Thursday, September 27, 2012

The Astrology of Knitting

Is there astrology specific to knitting?

This is "The Return of Ulysses" by Romare Bearden. Bearden instinctively grasped the connection between the fiber arts and occult knowledge. He shows Penelope weaving, but a cat plays with yarn under the loom, and a messenger crow waits outside the window.

As an increasingly avid knitter and an astrologer, I have been wondering about this. There is a signature for talent in the fiber arts, I think. Knitting, crocheting, tatting, and weaving are included in the fiber arts, and the common denominator for them all is the tying of knots.

Astrology-savvy knitters think of Virgo as the sign of the craftsman. This could be any craft, from baking to woodworking, which is done with the hands. It doesn’t have to be knitting. Saturn is the planet associated with time, and knitting is nothing but an endless repetition of loops or knots extending into infinity. Saturn gets closer to the spirit of the fiber arts, in my opinion, while Virgo represents anything done with the hands. That said, the anal, extreme detail-orientation of a hard-core Virgo is the defining characteristic of those who are good enough to join a knitting guild.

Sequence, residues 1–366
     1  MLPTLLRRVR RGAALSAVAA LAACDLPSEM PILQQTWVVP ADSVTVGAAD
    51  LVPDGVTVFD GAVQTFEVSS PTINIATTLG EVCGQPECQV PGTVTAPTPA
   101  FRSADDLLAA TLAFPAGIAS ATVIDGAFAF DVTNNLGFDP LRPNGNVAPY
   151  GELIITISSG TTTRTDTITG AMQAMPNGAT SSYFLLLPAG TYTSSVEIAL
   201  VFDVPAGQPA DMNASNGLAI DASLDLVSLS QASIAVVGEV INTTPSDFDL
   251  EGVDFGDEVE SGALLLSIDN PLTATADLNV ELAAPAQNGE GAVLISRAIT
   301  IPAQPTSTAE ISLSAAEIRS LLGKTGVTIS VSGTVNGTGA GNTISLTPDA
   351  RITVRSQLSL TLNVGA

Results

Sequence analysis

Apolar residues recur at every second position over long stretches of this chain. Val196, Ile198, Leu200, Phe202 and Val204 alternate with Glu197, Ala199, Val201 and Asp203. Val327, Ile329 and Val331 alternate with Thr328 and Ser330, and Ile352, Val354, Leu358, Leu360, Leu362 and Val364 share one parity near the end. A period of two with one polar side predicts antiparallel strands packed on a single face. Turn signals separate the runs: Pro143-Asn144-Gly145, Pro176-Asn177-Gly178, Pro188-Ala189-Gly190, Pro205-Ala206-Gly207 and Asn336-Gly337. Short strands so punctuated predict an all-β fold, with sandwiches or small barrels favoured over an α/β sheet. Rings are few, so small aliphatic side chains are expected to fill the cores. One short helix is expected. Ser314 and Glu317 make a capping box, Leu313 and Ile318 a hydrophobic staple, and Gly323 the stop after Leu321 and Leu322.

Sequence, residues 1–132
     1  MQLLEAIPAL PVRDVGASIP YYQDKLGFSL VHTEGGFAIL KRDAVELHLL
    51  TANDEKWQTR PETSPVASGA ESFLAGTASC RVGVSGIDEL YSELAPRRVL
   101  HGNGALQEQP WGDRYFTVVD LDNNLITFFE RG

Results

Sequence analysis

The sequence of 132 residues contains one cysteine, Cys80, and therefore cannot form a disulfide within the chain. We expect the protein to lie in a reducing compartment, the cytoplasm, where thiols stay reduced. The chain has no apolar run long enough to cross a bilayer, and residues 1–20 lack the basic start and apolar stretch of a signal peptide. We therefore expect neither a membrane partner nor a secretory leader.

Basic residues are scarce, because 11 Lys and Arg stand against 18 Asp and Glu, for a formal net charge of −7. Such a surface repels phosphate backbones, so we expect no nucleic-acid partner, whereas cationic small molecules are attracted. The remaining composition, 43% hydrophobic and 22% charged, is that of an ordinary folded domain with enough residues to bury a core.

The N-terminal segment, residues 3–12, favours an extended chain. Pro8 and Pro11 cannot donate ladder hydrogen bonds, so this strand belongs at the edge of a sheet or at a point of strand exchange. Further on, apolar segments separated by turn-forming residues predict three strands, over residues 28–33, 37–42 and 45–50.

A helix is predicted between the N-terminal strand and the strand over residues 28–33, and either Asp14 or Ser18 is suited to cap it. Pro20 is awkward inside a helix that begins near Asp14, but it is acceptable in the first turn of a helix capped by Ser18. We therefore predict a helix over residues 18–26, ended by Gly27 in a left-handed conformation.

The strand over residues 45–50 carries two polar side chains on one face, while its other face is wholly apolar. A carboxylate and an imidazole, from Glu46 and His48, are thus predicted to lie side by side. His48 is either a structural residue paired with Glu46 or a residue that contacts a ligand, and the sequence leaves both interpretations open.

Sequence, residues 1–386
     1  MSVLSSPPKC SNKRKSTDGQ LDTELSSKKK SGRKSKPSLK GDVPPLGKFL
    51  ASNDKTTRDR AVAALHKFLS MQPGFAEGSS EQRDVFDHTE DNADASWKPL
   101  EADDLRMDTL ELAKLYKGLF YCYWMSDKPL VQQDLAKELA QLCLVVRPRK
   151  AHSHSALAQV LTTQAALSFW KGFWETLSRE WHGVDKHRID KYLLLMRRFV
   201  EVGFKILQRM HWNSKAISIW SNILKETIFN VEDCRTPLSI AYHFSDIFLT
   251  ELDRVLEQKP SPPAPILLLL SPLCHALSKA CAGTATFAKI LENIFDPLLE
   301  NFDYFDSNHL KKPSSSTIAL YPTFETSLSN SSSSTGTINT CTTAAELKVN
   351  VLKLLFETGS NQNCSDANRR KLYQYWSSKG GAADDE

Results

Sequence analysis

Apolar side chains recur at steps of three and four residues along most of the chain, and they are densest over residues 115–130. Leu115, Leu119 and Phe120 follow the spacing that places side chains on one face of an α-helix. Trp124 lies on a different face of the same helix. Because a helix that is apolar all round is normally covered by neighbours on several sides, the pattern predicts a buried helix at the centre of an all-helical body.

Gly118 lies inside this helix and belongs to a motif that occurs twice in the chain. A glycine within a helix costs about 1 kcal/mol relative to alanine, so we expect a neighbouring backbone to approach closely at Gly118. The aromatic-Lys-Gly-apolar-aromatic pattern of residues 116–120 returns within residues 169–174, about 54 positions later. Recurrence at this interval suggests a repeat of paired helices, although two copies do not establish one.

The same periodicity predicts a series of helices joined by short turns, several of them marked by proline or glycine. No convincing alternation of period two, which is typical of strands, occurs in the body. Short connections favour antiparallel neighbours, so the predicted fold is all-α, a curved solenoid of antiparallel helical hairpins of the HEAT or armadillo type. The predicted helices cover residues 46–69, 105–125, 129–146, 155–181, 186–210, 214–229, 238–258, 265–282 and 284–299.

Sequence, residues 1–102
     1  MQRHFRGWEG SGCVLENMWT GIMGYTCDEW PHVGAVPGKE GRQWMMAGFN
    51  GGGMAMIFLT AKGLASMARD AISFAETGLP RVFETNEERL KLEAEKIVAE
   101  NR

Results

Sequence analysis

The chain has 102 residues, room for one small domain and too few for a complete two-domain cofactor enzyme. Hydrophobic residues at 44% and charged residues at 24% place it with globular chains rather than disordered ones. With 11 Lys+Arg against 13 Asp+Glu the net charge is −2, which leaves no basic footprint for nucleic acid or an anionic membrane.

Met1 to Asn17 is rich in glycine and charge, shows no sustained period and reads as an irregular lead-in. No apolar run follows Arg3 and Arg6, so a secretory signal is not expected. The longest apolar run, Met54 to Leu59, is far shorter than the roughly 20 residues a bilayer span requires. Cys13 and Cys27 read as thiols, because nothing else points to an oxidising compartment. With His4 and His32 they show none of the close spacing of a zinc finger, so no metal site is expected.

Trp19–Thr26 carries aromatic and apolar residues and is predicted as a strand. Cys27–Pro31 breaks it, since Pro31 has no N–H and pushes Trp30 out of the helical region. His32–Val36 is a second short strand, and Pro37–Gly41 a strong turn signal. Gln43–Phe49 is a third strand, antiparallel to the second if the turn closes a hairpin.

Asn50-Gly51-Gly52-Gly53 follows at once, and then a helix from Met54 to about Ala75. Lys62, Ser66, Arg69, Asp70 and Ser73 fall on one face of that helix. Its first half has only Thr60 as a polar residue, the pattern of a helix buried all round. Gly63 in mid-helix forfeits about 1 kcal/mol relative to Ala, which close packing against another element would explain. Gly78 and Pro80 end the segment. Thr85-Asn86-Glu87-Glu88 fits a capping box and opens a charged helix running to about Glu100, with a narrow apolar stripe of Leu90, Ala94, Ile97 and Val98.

In Vedic astrology, the Third House is associated with the urge to create using one’s hands. Having a benefic like Venus or Jupiter in both the rasi and the navamsa often confers a life-long talent in one of the arts or crafts, but once again, this could also be anything from cooking to carpentry. For people who don’t have a career in the arts, the benefic in the navamsa may be more important, because interest in crafting seems to blossom in a subject’s mid-thirties and beyond.

Getting back to western astrology - are Saturn-in-Virgo natives top suspects? Sure, but think more broadly. Think about a ruling Saturn, or a strongly aspected planet in Virgo, or a stellium in either Capricorn or Virgo, or either of these signs on the angles. These natal configurations don’t promise a knitter, but they do tend to show up in the background.


If there is any natal aspect closely associated with knitting, I suspect it has to be the hard aspect (conjunction, square, or opposition) between Moon and Saturn, and occasionally the trine. Moon-Saturn hard aspects love to braid hair, tie knots, or weave rugs. It is as if the Moon needs a beautiful, nurturing way to express the limitations of Saturn, and Saturn is forever tying us in knots or binding us in some way.